It was a day, like any other day, in that Linus got up, faced the sunrise, used his inhaler, applied that special cream between his toes, wrote a quick note and put it in a bottle, and wished he'd been stranded on the island with something other than 40 cases each of inhalers, decorative bottles, and special toe cream. - Chris Harget, Campbell, CA

As a scientist, Throckmorton knew that if he were ever to break wind in the echo chamber, he would never hear the end of it. - David C. Mortensen, Pocatello, ID

He loved her like no other, their romance developing quickly, like the rapid growth of farm swine which grow from 2 to 4 pounds daily until they're fully grown and put to market for slaughter, or like the rapidly growing cells that produce moose antlers until they fall off in early spring, and suddenly Bill sensed the imminent doom of his romance lying in wait. - Jeremy Perreaux, Sarnia, Ontario

She looked at her hands and saw the desiccated skin hanging in Shar-Pei wrinkles, confetti-like freckles, and those dry, dry cuticles - even her "Fatale Crimson" nail color had faded in the relentless sun to the color of old sirloin - and she vowed if she ever got out of the Sahara alive, she'd never buy polish on sale at Walgreen's again. - Christin Keck, Kent, OH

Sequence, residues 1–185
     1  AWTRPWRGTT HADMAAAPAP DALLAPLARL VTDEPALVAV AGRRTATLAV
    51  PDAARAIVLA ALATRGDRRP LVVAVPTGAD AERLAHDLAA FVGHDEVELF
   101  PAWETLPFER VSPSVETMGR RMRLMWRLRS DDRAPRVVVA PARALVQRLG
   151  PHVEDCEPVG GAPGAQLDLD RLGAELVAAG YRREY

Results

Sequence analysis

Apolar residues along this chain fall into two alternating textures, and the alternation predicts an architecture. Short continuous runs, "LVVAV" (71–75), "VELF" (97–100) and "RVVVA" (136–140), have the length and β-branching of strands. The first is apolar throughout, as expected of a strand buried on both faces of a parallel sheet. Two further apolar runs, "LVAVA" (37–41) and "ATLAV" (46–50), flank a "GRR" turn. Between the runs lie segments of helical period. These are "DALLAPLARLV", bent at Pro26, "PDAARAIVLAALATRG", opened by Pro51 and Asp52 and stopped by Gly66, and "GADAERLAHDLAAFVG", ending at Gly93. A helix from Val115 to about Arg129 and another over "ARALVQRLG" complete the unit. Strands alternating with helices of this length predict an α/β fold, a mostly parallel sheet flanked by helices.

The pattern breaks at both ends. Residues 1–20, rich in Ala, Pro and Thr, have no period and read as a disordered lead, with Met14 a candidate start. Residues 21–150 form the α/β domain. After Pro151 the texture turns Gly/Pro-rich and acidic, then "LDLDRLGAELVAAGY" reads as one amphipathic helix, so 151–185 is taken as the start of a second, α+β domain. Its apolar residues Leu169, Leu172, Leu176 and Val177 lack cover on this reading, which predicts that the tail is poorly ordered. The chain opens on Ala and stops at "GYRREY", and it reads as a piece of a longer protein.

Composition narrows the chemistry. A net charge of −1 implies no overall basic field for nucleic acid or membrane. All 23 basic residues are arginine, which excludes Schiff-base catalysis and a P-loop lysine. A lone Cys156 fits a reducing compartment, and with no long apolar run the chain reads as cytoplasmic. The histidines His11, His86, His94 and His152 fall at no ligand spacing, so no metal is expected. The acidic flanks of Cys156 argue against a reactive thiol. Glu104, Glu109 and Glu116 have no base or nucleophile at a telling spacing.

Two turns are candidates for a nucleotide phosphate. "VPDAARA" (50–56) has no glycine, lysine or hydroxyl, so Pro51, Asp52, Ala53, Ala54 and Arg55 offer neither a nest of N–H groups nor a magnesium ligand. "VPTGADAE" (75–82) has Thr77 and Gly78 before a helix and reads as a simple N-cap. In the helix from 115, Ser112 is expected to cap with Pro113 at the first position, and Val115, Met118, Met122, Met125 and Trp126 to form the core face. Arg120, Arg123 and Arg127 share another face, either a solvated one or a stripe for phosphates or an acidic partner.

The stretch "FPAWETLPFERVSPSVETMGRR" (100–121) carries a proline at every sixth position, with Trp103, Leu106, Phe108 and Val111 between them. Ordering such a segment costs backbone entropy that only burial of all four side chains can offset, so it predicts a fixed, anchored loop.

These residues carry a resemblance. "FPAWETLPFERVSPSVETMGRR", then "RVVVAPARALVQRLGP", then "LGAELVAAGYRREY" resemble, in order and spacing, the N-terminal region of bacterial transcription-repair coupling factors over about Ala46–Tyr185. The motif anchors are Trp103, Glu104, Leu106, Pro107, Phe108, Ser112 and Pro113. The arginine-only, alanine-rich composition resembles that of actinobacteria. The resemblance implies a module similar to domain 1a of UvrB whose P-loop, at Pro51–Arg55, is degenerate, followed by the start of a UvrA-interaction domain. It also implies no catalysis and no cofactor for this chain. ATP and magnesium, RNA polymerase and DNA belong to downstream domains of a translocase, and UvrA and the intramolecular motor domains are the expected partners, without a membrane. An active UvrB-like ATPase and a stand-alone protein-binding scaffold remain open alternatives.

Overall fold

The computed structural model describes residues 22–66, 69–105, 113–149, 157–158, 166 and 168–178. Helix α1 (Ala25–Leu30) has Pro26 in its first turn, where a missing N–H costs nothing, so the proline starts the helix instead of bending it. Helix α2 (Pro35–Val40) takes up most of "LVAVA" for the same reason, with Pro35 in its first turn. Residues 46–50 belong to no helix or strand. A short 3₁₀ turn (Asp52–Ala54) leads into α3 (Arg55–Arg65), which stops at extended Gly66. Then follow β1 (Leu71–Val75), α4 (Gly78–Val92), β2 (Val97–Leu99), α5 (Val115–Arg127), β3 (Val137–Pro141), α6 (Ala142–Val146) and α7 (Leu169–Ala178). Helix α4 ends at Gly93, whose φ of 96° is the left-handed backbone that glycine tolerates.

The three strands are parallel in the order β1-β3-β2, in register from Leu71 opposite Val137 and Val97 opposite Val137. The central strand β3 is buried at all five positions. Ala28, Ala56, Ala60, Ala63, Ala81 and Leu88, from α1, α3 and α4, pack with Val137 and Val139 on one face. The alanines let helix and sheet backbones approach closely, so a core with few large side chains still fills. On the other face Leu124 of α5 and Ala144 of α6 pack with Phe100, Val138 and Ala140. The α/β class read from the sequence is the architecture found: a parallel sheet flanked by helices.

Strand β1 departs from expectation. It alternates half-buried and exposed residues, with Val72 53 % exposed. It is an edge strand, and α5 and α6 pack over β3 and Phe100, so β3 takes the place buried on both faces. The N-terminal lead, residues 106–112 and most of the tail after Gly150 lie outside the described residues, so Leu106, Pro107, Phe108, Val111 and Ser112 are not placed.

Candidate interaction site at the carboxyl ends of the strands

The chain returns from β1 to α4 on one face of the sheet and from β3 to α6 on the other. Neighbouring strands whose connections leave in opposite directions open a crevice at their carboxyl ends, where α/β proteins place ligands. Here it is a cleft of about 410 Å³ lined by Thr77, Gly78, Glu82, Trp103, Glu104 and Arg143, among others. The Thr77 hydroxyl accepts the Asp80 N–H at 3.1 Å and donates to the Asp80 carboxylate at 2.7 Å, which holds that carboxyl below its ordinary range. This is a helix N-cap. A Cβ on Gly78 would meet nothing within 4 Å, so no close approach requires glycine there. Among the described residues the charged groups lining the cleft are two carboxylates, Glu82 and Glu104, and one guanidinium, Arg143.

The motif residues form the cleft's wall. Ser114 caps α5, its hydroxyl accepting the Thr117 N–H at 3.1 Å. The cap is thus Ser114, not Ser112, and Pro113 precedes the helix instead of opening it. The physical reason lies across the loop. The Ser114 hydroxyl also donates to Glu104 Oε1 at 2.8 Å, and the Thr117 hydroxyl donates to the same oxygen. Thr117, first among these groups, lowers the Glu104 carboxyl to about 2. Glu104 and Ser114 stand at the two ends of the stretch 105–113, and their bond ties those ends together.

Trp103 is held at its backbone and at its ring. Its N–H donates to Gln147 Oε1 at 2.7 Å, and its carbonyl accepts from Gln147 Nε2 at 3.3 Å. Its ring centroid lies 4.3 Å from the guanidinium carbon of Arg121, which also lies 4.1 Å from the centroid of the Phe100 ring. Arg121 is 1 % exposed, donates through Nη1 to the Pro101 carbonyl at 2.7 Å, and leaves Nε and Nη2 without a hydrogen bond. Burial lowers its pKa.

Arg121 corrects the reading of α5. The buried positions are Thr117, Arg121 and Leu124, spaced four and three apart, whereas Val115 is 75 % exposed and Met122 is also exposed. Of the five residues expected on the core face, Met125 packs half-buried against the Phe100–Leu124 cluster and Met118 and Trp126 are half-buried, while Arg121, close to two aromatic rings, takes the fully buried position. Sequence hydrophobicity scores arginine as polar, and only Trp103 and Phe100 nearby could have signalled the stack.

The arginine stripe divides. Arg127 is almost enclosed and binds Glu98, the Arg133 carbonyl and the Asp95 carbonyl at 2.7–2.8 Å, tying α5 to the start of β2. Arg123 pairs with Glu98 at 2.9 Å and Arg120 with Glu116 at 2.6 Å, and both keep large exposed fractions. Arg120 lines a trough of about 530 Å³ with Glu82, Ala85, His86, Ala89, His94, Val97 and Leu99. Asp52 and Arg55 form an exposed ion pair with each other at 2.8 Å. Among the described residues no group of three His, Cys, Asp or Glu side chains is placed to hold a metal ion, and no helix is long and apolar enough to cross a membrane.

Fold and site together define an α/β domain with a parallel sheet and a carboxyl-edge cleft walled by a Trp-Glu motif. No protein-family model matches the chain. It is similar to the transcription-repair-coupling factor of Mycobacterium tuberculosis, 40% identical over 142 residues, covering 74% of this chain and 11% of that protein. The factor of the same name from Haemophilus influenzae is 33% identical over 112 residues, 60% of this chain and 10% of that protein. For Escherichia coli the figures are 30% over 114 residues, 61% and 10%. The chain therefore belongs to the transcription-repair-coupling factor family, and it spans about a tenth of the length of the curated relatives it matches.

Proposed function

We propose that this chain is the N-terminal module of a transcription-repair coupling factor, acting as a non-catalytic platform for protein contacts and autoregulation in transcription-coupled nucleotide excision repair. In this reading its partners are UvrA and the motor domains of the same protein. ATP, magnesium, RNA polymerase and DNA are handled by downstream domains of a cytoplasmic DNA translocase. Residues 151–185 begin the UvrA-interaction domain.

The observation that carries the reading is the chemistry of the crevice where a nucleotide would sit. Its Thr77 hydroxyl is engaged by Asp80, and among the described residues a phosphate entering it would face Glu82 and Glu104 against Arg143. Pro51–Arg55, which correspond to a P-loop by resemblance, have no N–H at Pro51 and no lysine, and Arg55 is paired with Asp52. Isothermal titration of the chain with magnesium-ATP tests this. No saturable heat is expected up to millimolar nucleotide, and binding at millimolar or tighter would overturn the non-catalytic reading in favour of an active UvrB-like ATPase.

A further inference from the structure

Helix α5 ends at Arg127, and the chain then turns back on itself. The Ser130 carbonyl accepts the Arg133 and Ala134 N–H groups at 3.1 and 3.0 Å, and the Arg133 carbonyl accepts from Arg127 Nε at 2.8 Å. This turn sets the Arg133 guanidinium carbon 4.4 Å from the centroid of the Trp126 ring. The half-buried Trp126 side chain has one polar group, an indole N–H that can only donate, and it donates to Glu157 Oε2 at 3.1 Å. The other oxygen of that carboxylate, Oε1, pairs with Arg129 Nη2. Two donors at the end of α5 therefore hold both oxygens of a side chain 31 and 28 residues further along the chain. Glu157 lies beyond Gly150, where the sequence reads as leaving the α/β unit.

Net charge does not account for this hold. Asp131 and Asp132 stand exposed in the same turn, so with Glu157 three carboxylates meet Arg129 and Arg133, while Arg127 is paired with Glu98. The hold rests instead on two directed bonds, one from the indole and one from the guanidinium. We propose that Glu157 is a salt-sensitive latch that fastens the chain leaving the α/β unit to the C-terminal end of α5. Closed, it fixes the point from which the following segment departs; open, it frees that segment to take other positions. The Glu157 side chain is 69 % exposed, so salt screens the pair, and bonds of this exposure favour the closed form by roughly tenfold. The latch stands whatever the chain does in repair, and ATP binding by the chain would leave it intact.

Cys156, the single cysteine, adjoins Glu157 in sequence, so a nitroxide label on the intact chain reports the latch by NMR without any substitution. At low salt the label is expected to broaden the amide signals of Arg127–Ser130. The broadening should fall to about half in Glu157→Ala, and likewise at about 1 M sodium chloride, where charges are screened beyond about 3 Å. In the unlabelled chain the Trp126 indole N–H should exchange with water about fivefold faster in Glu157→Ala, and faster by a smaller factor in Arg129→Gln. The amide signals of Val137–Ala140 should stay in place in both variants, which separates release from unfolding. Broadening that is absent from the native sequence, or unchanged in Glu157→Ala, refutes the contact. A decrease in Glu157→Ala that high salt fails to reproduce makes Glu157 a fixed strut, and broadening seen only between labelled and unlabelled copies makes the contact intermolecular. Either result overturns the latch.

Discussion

The victim said her attacker was nondescript - 5' 10 and 3/4", 163 pounds, with Clairol #83N hair (a hint of #84N at his temples) - and last seen wearing Acuvue2 contacts, a white Hanes 65/35% poly-cotton t-shirt with a 3mm round Grey Poupon stain on the neckband, Levi's 501s missing the second button, and Nike Crosstrainers with muddy aglets. - Linda Fields, Framingham, MA

Lisa moved like a cat, not the kind of cat that moves with a slinky grace but more like the kind that always falls off the book shelf when he's washing himself and then gets all mad at you like it's your fault (which it wasn't although it probably was kind of mean to laugh at him like that), although on the bright side, she hardly ever attacked Ricky's toes in his sleep. - Debra Allen, Wichita Falls, TX